2008 Field Note 2 - Fixing the Fort
Final 2008 operations and looking forward to 2009
A footed cup of Persian period date (6th-3rd centuries B.C.) from the Fort debris.
A cooking pot incised with the cartouche of Queen Hatshepsut (New Kingdom), is the only evidence for activity inside the Fort from the time it was built until the Sixth century. It appears to have been hallowed ground for at least 2,000 years after it was built.
In February 2009, we will face one of the biggest challenges in our efforts to conserve the Second Dynasty (ca. 2700 B.C.) mud-brick enclosure of King Khasekhemwy (a.k.a. the Fort). It will soon be time to do something permanent about the large and ugly gap in the interior face of the west wall, the last, but more serious, threat to the long-term survival of this intriguing monument. We have long known it was going to be a big job, but the true measure of this task only became fully apparent last season, when we began to flatten the dishevelled ground surface of the interior, which was no small job in itself, since it covers an area of about 47x57 m (or roughly 51x62 yards, the size of half an American football field).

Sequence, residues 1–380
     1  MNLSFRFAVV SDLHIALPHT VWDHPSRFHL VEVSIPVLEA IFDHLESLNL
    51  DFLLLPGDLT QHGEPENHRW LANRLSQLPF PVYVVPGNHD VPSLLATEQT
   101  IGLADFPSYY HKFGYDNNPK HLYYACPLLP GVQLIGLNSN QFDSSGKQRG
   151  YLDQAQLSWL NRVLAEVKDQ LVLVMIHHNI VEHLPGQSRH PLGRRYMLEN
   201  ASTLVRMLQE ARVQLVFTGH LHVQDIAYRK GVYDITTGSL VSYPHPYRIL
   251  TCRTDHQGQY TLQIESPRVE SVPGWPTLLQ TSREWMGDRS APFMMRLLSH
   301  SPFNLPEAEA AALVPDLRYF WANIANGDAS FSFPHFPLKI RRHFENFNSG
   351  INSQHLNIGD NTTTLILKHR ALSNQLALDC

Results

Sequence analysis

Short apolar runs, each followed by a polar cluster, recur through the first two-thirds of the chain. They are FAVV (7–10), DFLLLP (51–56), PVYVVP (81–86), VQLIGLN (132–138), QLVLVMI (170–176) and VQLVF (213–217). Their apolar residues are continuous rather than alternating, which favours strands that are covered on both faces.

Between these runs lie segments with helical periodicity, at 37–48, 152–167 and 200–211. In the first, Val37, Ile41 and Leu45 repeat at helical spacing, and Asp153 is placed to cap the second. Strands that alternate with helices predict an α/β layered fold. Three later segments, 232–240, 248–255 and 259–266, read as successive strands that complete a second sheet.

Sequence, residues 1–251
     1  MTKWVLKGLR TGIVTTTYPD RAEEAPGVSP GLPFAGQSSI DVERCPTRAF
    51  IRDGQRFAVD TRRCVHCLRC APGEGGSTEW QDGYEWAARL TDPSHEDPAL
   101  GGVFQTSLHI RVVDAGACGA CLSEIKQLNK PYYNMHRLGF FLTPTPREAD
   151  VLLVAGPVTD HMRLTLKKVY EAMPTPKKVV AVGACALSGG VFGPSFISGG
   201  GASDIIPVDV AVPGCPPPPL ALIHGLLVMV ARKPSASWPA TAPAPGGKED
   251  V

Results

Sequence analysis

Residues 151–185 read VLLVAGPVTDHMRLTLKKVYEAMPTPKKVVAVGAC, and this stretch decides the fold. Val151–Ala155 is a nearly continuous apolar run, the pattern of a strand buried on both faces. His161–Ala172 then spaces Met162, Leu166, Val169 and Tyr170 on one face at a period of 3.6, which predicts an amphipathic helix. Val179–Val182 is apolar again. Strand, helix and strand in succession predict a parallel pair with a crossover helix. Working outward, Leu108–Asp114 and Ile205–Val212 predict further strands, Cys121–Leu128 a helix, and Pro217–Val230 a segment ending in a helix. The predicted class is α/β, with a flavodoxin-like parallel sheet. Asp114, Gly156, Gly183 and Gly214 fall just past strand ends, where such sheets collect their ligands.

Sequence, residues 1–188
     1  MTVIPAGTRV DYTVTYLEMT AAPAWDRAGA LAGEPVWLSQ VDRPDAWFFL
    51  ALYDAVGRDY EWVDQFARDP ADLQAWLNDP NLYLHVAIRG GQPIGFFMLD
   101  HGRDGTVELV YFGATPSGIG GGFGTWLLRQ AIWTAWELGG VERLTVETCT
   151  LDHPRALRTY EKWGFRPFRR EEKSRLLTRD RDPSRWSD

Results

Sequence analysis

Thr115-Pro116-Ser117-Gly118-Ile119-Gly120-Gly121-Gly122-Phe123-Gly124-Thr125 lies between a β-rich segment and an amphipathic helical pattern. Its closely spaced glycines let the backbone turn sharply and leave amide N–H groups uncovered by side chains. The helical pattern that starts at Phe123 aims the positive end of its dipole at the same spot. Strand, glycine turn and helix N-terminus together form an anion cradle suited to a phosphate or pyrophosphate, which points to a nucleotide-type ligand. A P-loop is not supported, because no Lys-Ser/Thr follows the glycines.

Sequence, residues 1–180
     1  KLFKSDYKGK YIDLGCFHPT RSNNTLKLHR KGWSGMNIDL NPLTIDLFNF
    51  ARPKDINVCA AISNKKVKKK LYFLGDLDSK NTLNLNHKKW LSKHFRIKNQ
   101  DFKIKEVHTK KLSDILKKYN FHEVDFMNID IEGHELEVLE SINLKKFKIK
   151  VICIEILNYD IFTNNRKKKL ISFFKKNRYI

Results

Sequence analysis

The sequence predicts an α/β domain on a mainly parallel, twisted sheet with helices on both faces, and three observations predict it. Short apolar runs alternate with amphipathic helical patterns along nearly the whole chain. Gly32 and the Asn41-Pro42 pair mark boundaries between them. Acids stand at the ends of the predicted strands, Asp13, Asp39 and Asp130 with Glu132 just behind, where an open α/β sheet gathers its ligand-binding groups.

The area enclosed by the Fort's walls has been a mess since 1905 (if not before) because of the excavations of John Garstang, who uncovered more than 166 Predynastic graves within it. The excavations were never properly back filled leaving a depression up to 2 m below the level of the wall bases, especially on the north side, while undulating ridges of excavation back dirt towering over 2.5 m above the level of the original floor filled the southern and western sectors. In order to prevent further subsidence of the walls, improve the general appearance and create workspace for the large-scale repairs we were going to have to make to the interior walls, we embarked on a massive flattening operation in January 2008. Our aim was to return the ground level to near or above the original floor level by manually redistributing the dirt from the higher piles into low lying areas. A large local workforce was recruited for this mammoth task, for which they were remarkably enthusiastic especially as the results soon became apparent.